Are you really what you eat? Well maybe, if you really think about food as what you take in and process through your body and mind. I was introduced to this way of thinking about food by my teacher of Agni Yoga, Russell Schofield. He suggested that food can be thought of as having three dimensions or orders.
He referred to what we ordinarily think of as food as “third order food.” These are the physical substances we put into our mouth, chew, swallow and digest (which includes assimilating what is of value and eliminating the waste). Attention to this kind of food is absolutely necessary for health as is supporting the processes of digestion. Eating food that contains little or no toxins, food that is organically grown, has balanced nutrients, etc. is strong on the radar of anyone who wants to be healthy, as it should be. We can include also all that is in the air we breathe and water we drink. As well, the things we touch.
“Second order food” is the psychic energy we take in. In more ordinary terms it’s the conversations we have, contacts we have with other people and also the things we listen to watch or read through various forms of media. All relationships involve the exchange of mental and emotional energy, thoughts and feelings that we process more or less consciously just as we do physical foods. In all aspects of our life we are metabolizing the energies of our experiences including what comes to us from the outside and what arises from within us as we react to events.
Processing life experience consciously, as one might do in therapy or on ones own, we absorb what is helpful for us and we shed or eliminate what is not needed. We often describe this as letting go of old fixed ideas, attachments and prejudices while we learn lessons, grow as persons and mature.
It’s at least as important to be mindful of the second order foods we are taking in as the third order (physical foods). We need to recognize the power of the thoughts and feelings to which we give our attention. Many folks are recognizing that they can overdose on certain news programs, finding themselves depressed or chronically irritated. While paying attention to the news can help us to be aware of what is happening in the world around us, we can overload on the negativity that is packaged through the sensationalist and polarizing media outlets. We may be unable to digest it all.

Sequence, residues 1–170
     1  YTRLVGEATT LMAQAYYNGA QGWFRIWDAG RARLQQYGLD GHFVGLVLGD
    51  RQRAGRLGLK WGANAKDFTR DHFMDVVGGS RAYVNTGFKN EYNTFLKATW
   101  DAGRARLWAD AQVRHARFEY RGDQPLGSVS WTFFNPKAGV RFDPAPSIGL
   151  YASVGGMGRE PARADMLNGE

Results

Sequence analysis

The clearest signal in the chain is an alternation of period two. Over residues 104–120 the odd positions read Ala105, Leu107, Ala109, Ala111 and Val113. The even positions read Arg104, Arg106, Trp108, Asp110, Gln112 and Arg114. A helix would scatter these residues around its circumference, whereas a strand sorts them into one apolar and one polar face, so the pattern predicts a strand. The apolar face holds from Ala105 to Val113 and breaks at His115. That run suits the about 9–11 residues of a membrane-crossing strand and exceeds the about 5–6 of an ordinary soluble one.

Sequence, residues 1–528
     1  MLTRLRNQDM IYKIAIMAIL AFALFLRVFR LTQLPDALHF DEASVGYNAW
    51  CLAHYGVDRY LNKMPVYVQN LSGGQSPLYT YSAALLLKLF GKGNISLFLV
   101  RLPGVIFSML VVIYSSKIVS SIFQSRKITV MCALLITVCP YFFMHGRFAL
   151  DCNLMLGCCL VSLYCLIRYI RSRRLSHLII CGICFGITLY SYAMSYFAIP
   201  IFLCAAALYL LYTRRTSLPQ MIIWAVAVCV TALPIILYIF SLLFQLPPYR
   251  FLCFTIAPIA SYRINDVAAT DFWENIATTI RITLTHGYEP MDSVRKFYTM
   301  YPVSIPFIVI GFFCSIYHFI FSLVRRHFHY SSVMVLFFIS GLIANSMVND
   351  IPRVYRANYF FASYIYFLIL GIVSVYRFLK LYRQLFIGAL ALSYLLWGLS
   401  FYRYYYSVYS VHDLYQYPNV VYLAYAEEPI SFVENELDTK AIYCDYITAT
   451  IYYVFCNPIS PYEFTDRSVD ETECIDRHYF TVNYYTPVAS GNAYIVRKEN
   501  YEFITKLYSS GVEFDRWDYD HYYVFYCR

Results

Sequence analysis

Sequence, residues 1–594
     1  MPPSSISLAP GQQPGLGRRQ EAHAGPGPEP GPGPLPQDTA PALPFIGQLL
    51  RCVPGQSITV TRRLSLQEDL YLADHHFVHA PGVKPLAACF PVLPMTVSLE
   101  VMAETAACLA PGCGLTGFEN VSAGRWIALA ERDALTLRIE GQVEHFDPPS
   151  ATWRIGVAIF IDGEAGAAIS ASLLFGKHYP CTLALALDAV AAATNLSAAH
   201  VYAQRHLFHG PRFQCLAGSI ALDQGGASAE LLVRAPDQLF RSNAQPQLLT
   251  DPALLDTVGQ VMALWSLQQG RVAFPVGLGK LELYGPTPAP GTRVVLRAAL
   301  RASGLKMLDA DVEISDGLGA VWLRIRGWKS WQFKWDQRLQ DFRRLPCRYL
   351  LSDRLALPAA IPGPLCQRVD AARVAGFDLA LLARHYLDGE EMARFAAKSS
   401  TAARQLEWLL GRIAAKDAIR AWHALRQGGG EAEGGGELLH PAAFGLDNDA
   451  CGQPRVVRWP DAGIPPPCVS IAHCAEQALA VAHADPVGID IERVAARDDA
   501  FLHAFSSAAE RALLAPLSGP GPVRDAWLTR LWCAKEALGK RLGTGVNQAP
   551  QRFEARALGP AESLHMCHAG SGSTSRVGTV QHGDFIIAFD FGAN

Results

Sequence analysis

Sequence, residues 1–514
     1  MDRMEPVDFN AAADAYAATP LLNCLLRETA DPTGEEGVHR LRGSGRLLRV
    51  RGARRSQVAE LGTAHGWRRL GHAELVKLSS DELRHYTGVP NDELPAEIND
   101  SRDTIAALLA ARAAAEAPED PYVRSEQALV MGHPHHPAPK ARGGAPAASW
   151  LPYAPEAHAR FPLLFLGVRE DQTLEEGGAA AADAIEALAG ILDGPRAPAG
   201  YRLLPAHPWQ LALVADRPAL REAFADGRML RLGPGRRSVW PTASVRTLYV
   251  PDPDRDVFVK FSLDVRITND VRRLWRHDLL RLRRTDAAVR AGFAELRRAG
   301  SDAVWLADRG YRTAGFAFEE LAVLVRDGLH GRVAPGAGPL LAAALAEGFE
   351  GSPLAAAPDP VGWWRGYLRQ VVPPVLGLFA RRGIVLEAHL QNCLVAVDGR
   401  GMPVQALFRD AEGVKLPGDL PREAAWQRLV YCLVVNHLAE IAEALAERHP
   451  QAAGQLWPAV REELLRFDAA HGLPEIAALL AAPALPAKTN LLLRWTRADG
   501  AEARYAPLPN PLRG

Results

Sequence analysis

The practice of discernment is vital here. Paying attention to your energetic responses to what you ingest may be better than any formula about what to eat, what to watch, or who to spend time with. Your body will feel the heaviness of overindulgence in some food just as the weight in your heart may be telling you to take time for some healing or regenerative practice. Of course, holistic models tell us that the mind and body are not separate, that physical foods effect mood, just as our emotional state effects our body. We are really paying attention to a spectrum of energy with which we interact that may harm or benefit us; a good reason to say grace before a meal.
What my teacher, Russell, called “prime order food” is the light of spirit, life energy or chi. Practices that attune us to this energy are like drinking from a pure well within that cleanses and heals. Or we can say that we are eating the fruit of the Tree of Life, the essence of our true nature. Perhaps this was the “manna” described in the Biblical story that kept the desert wanderers alive as it does us in our life journey. The prime order food nourishes our mind and body and supports and enhances fully metabolizing the second and third order foods.
One could say that a healthy diet involves paying careful attention to all three orders of food: eating and drinking organic and balanced foods; spending time with people of goodwill and reading or watching things that are clarifying or uplifting; and having a regular practice of meditation, prayer or other form of spiritual practice. The holistic diet model of 3 orders of food is helpful in that it allows me to recognize the full spectrum of my daily nutrient needs and take the steps toward a balanced and healthy life.
(This article will appear in the Fall 2019 edition of Four Winds Journal).